… I would single out the rise of the commentariat as especially note-worthy. It is within living memory that journalists’ names started to appear in newspapers; before then, no name was attached to articles. And in recent years commentary has taken over from investigation or news reporting, to the point where commentators are viewed by some as every bit as important as elected politicians, with views as valid as cabinet ministers.
A clear implication that elected politicians are more important than commentators (or any other member of the public?), that the views of cabinet ministers are somehow more valid…
They are not better qualified. They are not more competent. They may have better access to information. They are motivated by political expediency as much if not more so than genuine altruism. It seems rare that they are motivated by evidence-based rationales.
And if you can wield influence and even power, without ever standing for office or being held to account by an electorate, it further undermines our democracy.
The commentariat operates without scrutiny or redress. They cannot be held to account for their views, even when they perform the most athletic and acrobatic of flip-flops in the space of a few weeks. I can understand when commentators disagree with each other; it’s when they disagree with themselves we should worry.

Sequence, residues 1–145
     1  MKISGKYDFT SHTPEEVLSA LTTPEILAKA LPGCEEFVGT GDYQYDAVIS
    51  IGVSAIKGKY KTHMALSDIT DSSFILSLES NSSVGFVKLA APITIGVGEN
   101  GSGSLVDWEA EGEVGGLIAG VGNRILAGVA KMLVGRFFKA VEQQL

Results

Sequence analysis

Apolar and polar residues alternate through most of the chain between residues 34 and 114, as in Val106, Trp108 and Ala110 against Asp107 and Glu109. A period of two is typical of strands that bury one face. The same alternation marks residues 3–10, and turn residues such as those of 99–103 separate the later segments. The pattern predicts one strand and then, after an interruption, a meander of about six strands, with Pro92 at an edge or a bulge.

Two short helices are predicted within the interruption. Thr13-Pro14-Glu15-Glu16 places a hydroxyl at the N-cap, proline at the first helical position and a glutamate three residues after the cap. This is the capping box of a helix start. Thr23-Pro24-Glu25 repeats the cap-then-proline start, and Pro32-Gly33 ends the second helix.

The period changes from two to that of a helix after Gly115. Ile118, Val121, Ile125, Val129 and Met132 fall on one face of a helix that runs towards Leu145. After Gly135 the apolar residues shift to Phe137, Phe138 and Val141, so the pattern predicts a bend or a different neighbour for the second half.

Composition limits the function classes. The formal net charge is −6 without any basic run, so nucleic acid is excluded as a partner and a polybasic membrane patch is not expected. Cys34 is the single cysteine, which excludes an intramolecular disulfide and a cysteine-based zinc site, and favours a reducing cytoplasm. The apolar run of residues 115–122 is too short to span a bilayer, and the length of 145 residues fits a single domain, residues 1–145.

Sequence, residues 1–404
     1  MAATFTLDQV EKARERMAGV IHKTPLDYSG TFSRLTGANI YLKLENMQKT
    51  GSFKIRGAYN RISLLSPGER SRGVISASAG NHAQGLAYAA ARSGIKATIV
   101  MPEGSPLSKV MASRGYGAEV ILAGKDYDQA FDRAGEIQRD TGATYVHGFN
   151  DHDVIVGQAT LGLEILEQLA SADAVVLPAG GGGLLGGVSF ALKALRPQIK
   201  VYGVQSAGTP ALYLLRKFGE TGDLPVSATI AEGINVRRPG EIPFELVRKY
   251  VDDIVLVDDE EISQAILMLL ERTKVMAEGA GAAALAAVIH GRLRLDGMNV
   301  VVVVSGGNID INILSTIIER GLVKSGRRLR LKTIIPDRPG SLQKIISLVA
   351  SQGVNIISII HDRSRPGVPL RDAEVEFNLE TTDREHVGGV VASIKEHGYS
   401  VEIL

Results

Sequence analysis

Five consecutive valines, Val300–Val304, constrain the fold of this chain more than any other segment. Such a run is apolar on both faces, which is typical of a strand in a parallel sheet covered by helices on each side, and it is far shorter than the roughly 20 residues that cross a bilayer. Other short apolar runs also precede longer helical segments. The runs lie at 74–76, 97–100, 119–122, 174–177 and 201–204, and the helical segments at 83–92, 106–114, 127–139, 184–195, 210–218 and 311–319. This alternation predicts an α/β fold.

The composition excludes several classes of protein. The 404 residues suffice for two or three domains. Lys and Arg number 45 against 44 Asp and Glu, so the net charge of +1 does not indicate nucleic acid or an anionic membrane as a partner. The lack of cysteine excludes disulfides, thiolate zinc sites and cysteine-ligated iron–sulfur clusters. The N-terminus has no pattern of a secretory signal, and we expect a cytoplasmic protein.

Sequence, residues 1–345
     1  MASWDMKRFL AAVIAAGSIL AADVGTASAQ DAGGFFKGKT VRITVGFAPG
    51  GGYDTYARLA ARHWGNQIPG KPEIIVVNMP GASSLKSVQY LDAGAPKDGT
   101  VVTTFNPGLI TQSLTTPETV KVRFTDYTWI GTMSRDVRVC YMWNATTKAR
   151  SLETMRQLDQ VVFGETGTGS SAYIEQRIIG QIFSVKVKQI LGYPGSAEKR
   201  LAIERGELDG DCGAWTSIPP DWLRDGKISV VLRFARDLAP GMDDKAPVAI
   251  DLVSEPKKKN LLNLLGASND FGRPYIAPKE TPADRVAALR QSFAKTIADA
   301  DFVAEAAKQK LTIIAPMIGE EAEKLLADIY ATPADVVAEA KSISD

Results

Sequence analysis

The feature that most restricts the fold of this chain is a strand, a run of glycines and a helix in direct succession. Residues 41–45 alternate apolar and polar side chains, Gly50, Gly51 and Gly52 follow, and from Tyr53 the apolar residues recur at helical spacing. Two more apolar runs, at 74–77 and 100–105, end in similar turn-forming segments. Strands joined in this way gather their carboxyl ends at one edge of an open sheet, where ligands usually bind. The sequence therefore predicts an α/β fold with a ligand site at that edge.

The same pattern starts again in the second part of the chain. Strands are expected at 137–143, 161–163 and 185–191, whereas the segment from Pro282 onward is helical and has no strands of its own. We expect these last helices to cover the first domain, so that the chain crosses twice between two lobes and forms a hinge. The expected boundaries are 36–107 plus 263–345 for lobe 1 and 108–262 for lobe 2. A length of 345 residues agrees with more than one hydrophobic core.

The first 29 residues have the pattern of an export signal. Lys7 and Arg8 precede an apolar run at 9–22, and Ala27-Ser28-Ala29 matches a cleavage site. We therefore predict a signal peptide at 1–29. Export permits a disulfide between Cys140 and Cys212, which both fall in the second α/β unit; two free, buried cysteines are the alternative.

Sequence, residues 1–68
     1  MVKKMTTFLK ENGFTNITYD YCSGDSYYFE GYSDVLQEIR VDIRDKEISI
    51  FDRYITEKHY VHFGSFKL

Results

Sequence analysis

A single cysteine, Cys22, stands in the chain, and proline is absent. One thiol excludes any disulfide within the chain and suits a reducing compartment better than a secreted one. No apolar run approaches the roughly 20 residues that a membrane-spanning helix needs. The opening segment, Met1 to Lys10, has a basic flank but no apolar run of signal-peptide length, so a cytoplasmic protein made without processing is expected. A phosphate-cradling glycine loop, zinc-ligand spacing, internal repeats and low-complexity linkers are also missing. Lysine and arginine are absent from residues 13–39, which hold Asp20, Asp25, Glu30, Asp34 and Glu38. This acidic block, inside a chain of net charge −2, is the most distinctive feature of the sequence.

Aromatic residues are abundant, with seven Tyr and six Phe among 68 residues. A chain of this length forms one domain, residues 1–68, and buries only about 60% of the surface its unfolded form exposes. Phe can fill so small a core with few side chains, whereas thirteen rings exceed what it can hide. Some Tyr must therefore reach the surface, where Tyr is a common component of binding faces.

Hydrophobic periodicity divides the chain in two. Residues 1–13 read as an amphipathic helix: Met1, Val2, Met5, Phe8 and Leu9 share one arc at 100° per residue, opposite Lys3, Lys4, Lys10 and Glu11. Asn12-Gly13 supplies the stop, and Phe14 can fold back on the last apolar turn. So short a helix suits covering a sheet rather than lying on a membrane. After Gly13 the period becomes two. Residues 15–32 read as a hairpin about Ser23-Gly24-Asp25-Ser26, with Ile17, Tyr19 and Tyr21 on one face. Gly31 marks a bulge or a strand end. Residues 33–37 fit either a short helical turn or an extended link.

All that seems rather arguable. It seems to me that blogs and newspapers are rather more ‘democratic’ in the sense that I choose what blogs to read or newspapers to buy – whenever I choose. Neither my time nor money goes to those who don’t appeal.
Contrast with our first-past-the-post parliamentary system. Every five years, unless someone dies or a general election is called early, I have the opportunity to toddle off down to the local polling booth and tick the box next to the name of a (probably unappealing) candidate. The winning candidate receives my money even if I haven’t voted for him. He wins no matter how few people turn out to vote, so long as he gets at least one more vote than his opponents. He is MP for five years no matter how many of his constituents get fed up with him.
(It is also worth pointing out that the Government is seriously suggesting taxpayers must contribute to party coffers, because the Labour party (well, not just them) is haemorrhaging party members and donors and can’t seem to live within its means or avoid narrowing its appeal.)
If he becomes a Minister, he might get involved in some sort of lie or scandal. If we’re lucky, he might – just might resign. But then he might come back… and get involved in another lie or scandal. And he might resign again. If we’re lucky.
The party that forms our current Government was voted for by only one in five of the public.
This is accountability?
There will always be a role for political commentary, providing perspective, illumination and explanation. But editors need to do more to disentangle it from news reporting, and to allow elected politicians the same kind of prominent space for comment as people who have never stood for office.